I have also come to know that the only thing better than these moments is being able to provide them to someone else. There is an Irish proverb that states, “In the shelter of each other the people live.” I realize that extending ourselves to others is challenging when we are facing our own struggles, but I would remind you that sometimes it is the smallest of gestures that provide this shelter to others, and in turn shelters us.

I want to thank Dr. Christine Molnar for her service and friendship as I now move into her role as immediate past president. And I extend a heartfelt congratulations to Dr. Vesta Michelle Warren, our new AMA president. I am looking forward to supporting you as Dr. Molnar did me.

When significant events come to an end they are often met with mixed emotions, including relief in being able to pass the torch and the frustration in leaving while so much is happening. I’m sure every AMA president that preceded me has felt the same. I am equally sure that if you could ask them, they would all agree that the most rewarding part of their term was interacting with you – the physicians of Alberta. For me, it has been the highlight of my term as president.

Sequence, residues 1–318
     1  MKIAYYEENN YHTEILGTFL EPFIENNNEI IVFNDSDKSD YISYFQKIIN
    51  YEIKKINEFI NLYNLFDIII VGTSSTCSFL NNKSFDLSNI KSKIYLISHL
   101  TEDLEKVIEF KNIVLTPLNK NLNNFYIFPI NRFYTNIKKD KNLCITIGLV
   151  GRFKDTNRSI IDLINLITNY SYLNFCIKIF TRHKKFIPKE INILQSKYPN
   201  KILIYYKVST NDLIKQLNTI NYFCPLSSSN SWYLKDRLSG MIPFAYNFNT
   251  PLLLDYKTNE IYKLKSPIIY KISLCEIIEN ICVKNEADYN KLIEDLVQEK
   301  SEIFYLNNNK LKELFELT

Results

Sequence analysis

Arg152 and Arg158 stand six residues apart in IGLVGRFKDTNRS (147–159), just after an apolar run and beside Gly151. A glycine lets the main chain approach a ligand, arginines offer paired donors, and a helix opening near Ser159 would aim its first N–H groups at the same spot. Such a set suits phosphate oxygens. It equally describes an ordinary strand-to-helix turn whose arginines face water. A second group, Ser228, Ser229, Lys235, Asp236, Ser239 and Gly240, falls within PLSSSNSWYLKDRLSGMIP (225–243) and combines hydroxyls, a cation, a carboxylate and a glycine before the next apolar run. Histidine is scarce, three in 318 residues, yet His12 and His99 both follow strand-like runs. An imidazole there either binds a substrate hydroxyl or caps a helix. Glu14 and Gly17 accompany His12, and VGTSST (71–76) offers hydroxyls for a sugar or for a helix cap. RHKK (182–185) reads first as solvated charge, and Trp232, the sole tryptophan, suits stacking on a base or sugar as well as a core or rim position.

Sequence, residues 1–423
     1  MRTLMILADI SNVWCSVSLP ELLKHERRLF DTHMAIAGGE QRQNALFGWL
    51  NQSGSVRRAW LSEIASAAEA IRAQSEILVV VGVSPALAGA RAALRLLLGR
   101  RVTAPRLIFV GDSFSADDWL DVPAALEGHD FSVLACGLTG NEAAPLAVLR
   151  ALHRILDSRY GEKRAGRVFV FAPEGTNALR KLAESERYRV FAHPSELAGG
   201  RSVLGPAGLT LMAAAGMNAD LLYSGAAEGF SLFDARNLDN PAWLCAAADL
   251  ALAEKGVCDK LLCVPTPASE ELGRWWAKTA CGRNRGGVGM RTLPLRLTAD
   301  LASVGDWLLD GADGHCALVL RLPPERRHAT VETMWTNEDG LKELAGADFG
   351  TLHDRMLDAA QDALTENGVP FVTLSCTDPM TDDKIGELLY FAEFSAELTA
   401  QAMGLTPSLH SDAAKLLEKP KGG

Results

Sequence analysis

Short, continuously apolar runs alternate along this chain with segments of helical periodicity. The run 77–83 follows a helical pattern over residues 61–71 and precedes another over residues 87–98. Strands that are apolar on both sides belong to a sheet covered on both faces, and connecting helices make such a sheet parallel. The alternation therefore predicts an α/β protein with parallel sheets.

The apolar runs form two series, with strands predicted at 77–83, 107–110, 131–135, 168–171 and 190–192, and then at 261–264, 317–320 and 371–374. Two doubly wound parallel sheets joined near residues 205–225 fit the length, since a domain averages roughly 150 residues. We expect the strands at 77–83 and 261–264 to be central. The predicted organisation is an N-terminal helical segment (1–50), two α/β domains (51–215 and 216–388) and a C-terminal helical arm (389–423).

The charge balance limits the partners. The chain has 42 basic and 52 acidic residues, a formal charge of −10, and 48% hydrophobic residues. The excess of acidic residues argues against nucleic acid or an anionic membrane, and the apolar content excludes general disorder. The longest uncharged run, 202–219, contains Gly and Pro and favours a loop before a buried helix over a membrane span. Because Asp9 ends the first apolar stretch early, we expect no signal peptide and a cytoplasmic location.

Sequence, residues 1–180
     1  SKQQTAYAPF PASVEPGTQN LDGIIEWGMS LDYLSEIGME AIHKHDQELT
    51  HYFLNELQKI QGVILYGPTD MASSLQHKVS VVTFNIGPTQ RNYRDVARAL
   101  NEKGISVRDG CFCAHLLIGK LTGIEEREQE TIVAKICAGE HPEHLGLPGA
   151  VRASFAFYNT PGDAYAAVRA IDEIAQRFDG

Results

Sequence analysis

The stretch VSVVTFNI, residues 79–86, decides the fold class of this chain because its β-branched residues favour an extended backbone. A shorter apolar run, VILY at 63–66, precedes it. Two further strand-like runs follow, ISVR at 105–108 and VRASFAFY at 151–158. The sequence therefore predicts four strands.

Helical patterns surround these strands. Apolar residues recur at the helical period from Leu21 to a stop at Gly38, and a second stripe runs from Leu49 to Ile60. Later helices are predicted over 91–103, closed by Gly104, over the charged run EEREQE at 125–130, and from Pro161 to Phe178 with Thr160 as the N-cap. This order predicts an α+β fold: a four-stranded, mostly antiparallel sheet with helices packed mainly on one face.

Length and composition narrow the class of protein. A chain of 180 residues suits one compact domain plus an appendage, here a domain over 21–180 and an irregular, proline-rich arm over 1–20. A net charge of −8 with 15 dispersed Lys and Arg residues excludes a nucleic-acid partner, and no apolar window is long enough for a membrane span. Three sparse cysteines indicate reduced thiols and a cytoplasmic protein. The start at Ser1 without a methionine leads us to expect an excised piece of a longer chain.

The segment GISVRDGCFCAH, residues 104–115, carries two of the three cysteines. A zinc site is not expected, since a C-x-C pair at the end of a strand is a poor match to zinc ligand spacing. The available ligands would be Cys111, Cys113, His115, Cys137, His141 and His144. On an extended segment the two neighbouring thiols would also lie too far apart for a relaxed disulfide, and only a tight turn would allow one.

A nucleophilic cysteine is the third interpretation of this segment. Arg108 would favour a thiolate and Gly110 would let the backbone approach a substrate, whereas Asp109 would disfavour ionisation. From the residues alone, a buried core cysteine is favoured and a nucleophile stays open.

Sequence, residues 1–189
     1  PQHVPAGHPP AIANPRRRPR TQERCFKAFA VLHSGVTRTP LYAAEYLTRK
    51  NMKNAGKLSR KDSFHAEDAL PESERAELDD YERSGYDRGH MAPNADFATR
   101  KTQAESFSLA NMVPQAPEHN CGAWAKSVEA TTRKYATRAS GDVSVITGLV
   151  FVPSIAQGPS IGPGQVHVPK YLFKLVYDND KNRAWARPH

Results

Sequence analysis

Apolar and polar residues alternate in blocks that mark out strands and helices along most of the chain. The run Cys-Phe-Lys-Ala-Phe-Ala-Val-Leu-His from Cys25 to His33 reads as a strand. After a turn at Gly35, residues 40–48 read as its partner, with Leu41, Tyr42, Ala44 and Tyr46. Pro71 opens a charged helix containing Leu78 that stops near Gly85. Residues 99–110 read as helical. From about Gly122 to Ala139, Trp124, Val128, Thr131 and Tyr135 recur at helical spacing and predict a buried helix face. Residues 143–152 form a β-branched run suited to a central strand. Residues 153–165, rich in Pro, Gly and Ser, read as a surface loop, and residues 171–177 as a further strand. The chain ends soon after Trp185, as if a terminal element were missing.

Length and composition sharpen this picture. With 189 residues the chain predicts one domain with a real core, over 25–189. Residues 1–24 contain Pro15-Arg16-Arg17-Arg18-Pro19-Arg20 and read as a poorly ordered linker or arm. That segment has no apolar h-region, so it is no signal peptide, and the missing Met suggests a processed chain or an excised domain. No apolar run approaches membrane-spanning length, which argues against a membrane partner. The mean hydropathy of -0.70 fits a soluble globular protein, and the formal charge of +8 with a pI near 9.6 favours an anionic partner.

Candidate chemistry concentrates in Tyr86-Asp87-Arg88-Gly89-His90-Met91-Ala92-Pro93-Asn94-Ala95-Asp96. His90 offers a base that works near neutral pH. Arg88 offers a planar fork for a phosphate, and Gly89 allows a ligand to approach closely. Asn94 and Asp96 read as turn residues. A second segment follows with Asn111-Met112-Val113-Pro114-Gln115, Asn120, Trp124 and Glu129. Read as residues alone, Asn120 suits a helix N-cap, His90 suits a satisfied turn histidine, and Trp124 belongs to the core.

As I said in my inaugural President’s Letter last year – we are better together. We are stronger because of each other. We are the AMA. Thank you for the opportunity to experience the truth of those words.

Sincerely,

Paul E. Boucher, MD, FRCPC
President, Alberta Medical Association